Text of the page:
HealthCare.gov will get the bulk of the new carriers: 57 carriers will join the federal exchange, bringing to the total up to 248 carriers, a 30 percent increase. Meanwhile, the eight state-based exchanges where data is already available will have a total of six more carriers in 2015, a 10 percent net increase over this year.
HHS notes that four states out of the 36 on HealthCare.gov — Indiana, Missouri, New Hampshire and West Virginia — will at least double the number of insurers that sold plans there this year. And 36 states nationally will get at least one new carrier.
Last year, a number of major carriers — including UnitedHealth, the nation’s largest carrier — proceeded with caution onto the exchanges during its first year either limiting participation or not participating at all, for fear the earliest enrollees would be sicker.
UnitedHealth recently said it will participate in about two dozen exchanges in 2015 after selling in just five this year.
HHS says their data “demonstrates that the marketplace is working to increase competition and lower costs for consumers.”
Specifically, the agency says, an increase of one carrier in a rating area is associated with a 4 percent decline in the second-lowest cost silver plan premium, on average. In 2014, consumers in regions with larger numbers of issuers were able to access a wider range of choices.
There’s no guarantee that HealthCare.gov won’t suffer from the same problems and protest it had last year, but there’s now a new face behind the operation.
The administration announced in August that Kevin Counihan, former leader of Connecticut’s exchange, will take the reins of HealthCare.gov in his new role as Marketplace Chief Executive Officer.
“We are building strong teams with the focus and know-how necessary to advance our mission and deliver impact for the people we serve,” HHS Secretary Sylvia Burwell said in late August when announcing the position. “We are committed to instilling ongoing accountability for reaching milestones, measuring results and ensuring a successful open enrollment period.”
According to an HHS statement, in his new role, “Counihan will be responsible and accountable for leading the federal Marketplace, managing relationships with state marketplaces, and running the Center for Consumer Information and Insurance Oversight, which regulates health insurance at the federal level. He will report to CMS Administrator Marilyn Tavenner.”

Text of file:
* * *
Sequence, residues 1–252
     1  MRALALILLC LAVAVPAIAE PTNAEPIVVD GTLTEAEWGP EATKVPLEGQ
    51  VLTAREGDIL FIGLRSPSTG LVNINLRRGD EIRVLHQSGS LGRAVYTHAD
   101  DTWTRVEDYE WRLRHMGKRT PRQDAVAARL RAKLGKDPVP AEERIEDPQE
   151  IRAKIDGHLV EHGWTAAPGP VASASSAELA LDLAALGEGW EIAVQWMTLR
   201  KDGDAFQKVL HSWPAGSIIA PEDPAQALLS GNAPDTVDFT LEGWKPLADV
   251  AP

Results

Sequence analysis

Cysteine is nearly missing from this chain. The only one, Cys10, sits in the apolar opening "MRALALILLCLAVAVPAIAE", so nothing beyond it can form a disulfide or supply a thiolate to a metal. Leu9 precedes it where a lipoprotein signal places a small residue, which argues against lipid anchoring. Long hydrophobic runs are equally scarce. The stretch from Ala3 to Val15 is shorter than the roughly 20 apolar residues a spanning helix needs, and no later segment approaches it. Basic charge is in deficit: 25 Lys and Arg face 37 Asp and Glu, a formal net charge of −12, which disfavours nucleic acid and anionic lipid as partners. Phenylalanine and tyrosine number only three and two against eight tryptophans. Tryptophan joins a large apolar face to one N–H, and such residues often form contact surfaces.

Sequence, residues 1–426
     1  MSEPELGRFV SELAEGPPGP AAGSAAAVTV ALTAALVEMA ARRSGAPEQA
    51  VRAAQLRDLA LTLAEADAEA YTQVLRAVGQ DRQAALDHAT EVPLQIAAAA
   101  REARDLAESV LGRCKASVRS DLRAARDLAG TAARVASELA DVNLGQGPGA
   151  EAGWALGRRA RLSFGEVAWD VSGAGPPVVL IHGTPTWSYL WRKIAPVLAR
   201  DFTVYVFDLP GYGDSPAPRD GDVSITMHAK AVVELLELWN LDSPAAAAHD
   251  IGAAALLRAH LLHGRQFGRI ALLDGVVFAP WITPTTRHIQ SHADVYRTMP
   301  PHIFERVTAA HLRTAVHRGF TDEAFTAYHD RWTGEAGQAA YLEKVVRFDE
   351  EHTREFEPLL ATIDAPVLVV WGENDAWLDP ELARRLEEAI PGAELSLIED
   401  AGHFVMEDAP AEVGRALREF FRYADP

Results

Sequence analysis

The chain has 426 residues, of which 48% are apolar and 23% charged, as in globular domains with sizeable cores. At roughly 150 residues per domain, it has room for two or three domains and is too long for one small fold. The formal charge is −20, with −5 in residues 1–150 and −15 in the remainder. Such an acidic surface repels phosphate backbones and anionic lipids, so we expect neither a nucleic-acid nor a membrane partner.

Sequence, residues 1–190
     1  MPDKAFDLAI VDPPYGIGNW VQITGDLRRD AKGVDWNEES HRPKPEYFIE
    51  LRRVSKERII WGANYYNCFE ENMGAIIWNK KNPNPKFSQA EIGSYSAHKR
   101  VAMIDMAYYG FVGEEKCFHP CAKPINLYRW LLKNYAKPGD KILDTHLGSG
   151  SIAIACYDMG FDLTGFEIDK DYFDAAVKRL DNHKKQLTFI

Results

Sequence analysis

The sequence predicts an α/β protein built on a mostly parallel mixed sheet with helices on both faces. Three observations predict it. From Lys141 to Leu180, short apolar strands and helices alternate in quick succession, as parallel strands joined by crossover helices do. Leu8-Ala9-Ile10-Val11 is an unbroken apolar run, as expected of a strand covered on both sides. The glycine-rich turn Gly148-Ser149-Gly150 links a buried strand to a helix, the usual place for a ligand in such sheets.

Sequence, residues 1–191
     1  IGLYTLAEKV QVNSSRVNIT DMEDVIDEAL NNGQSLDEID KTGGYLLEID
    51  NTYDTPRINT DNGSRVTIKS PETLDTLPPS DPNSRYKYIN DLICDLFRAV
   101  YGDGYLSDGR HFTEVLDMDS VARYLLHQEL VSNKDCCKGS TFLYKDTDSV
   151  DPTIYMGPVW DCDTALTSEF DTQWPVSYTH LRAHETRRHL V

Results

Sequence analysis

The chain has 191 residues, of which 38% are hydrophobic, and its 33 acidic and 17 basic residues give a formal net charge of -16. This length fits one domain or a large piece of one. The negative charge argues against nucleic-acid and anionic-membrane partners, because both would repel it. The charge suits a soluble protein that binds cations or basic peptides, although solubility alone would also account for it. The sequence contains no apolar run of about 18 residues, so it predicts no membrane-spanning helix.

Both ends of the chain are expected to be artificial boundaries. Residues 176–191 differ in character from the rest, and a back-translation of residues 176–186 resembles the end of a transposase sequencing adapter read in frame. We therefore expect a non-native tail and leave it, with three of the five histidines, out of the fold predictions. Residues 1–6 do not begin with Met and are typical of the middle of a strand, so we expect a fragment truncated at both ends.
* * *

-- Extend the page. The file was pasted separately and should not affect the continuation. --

Counihan has had success in this arena: Connecticut’s state exchange has been one of the most successful in the nation, succeeding enrollment projections. Access Health CT signed up about 79,000 people for coverage through Connecticut’s exchange, while another 120,000 gained Medicaid coverage. Since 2012, the state’s uninsured rate has been cut nearly in half, from 7.9 percent to 4 percent.
Despite some strides made by the Centers for Medicare & Medicaid Services within the last year, a recent report from the Government Accountability Office detailed continued privacy and security weaknesses on HealthCare.gov.
“While CMS has taken steps to protect the security and privacy of data processed and maintained by the complex set of systems and interconnections that support Healthcare.gov, weaknesses remain both in the processes used for managing information security and privacy as well as the technical implementation of IT security controls,” the GAO report says.
Specifically, GAO says, the CMS has not always “required or enforced strong password controls, adequately restricted access to the Internet, consistently implemented software patches, and properly configured an administrative network.”
The GAO also detailed six recommendations for HHS to protect privacy on the federal exchange but it remains to be seen if those issues have been resolved.
Reports over 2015 premium costs have fluctuated wildly. Recent research and approvals, though, has pointed to modest increases in most major markets driven by increased carrier competition.
The question over the legality of PPACA’s subsidies — spurred by two contradictory court rulings in July — is also creating a big unknown in PPACA plans. But with numerous appeals expected in those court decisions, the legality of subsidies shouldn’t play much into this year’s enrollment — at least not yet.